The Swiss report carefully reviewed the evidence from randomized double-blind and placebo controlled clinical trials testing homeopathic medicines, they also evaluated the Breal world effectiveness^ as well as safety and cost-effectiveness . The report also conducted a comprehensive review of preclinical research such as botanical studies, animal studies, and in vitro studies with human cells. After assessing the evidence from basic science research and high-quality clinical studies, the Swiss concluded that homeopathic remedies seem to induce cellular effects as well as changes in living organisms. The report also mentioned that 20 of the 22 systematic reviews of clinical research, testing homeopathic medicines, detected a trend in favor of homeopathy. The authors concluded that homeopathic treatments should be reimbursed by Switzerland’s national health insurance program, and the Swiss government followed this recommendation .
There’s just one problem. It’s a terrible report. Critics almost immediately pointed out (as well they should have) that the Swiss report consisted of a poorly done analysis of the existing evidence. Indeed, David Martin Shaw even characterized it as research misconduct, noting that the writers of the report didn’t even do an online review of the literature because “just searching online would not have been sufficient to supply a representative overview of homeopathic research.” They also included “expert contacts and scanning of bibliographic references.” As Shaw discussed, this is a highly suspect research strategy because any high quality research would be available online via the usual databases such as PubMed.gov and other online sources. More importantly, the “expert contacts” almost certainly suggest biased sources (i.e., homeopaths and naturopaths, the latter of whom also use homeopathy, with perhaps other believers in homeopathy).
Shaw also notes that the authors based “their conclusion that homeopathy is effective on four trials that are all more than a decade old and have been comprehensively exposed as weak, flawed studies (see reference 3 for details of the trials) . The authors also tried to redefine how one determines whether a treatment is safe and efficacious by emphasizing “real world effectiveness,” which, as I’ve pointed out time and time again, is putting the cart before the horse. You can’t look at real world effectiveness until you’ve established efficacy in clinical trials, because design and interpretation of pragmatic studies designed to look at real world effectiveness assume that efficacy has already been established in randomized clinical trials. Both David Shaw and Steve Novella quote a damning passage from the Swiss report:
If homeopathy is highly likely to be effective but this cannot be consistently proven in clinical trials, the question arises of what conditions are needed for homeopathy to show its effectiveness and realise its potential, and what conditions threaten to obscure this?
Shaw expressed surprise that the authors of the Swiss report would be so bold as to come out and say that they are seeking to prove that homeopathy works and looking for conditions under which they can achieve that. As Novella notes, they are assuming that homeopathy works, but are frustrated by the fact that high quality clinical trials uniformly fail to detect efficacy. In any case, Frenkel fails to note that an Australian and British report found exactly the opposite conclusion as the Swiss report. They both concluded that homeopathy doesn’t work detectably greater than placebo. So has a Cochrane review on homeopathy used to treat the adverse effects of cancer treatment, concluding that there is “no convincing evidence for the efficacy of homeopathic medicines for other adverse effects of cancer treatments.” It did note that there were small studies that suggested that topical calendula and Traumeel S mouthwash might have efficacy preventing acute dermatitis during radiation therapy and chemotherapy-induced stomatitis, respectively, but this is weak at best. For one thing, calendula is not truly homeopathic, as it’s not diluted at all, and the tiny Traumeel S study has never been replicated with a larger number of patients.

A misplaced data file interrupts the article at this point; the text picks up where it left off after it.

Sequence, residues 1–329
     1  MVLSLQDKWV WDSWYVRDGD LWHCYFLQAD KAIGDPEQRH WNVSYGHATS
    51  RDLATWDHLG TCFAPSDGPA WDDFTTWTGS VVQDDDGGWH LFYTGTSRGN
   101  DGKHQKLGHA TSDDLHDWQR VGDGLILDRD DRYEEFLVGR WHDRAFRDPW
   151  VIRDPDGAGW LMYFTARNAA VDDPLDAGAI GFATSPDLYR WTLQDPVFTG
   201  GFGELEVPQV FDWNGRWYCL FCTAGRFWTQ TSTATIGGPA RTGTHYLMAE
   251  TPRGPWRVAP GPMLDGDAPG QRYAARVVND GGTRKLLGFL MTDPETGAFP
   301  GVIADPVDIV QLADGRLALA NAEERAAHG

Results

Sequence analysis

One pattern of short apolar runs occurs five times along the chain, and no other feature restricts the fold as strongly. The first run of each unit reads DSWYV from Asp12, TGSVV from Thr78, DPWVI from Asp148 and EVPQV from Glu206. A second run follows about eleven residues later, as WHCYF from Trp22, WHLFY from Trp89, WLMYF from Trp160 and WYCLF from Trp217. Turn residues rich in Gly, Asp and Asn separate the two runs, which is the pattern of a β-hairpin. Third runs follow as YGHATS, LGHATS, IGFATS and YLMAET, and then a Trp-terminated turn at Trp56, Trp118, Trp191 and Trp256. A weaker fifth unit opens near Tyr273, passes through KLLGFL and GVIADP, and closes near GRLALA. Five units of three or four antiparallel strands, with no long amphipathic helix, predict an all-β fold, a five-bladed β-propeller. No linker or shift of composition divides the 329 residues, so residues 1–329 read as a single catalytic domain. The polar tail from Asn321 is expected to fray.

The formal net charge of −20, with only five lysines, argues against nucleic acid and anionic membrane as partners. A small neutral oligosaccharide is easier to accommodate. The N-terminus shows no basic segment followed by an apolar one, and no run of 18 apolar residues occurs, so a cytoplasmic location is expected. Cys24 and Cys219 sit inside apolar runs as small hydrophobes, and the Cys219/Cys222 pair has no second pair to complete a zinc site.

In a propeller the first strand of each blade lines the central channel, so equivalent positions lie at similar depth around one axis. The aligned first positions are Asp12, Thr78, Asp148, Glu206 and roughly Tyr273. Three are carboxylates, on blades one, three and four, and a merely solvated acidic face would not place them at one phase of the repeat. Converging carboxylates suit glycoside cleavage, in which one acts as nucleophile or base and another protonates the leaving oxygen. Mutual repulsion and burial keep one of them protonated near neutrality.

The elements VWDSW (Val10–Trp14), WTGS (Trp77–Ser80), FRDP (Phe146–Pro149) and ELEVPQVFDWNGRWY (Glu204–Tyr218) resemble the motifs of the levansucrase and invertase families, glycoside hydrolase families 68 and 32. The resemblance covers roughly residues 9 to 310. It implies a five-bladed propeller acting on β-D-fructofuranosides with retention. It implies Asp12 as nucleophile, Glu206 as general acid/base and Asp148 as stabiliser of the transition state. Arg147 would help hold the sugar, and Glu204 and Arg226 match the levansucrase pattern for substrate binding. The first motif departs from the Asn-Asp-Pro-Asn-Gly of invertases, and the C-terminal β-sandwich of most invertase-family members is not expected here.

Frankel also cites poorly done animal studies of homeopathic remedies, including a study of his own that I’ve discussed before, namely the one that demonstrated that the alcohol diluent in homeopathic remedies is toxic to breast cancer cell lines. It was a study so flawed that it took a tag team of Rachael Dunlop and myself to take it down. The rest of the evidence presented consisted of the usual panoply of favored studies of homeopathic remedies, such as best case series of the sort Nicholas Gonzalez used to con the NIH into funding a study of his protocol for pancreatic cancer and survival data in case series with no controls other than historical data.
Frenkel concludes erroneously:
Limited research has suggested that homeopathic remedies appear to cause cellular changes in some cancerous cells. In animal models, specific homeopathic remedies have had an inhibitory effect on tumor development. Studies of homeopathic remedies combined with conventional cancer care show that these remedies improve quality of life, reduce symptom burden, and possibly improve survival in patients with fatal disease. In vitro studies, animal studies, and clinical interventions that combine homeopathy with conventional cancer care suggest that homeopathy might improve the well-being of patients and might affect the progression of cancer and patient survival. These findings warrant comprehensive clinical studies to determine the effects of homeopathy on cancer and patient survival. Although additional studies are needed to confirm these findings, given the low cost and minimal risks and the potential magnitude of homeopathy’s effects, in certain situations, one might consider the use of homeopathic remedies as an additional tool to integrate into cancer care.
Let’s just say that the studies enumerated by Frenkel in his review, as is the case of pretty much every “positive” study touted by homeopaths, do not show what he thinks they show. Certainly, when coupled with the utter implausibility of homeopathy from a scientific standpoint, these studies do not show that homeopathy “works.” As I like to say, equivocal results + an incredibly high degree of scientific implausibility = negative results.
I could have saved Frenkel a lot of time and effort right after the title of his paper by telling him the answer is no. The sad thing is, this is a doctor who was once the chief of “integrative medicine” at one of the two most respected cancer centers in the US and is still well-regarded within academia—I mean quackademia. This should tell you much of what you need to know with respect to what we are up against in fighting the infiltration of pseudoscience into medicine.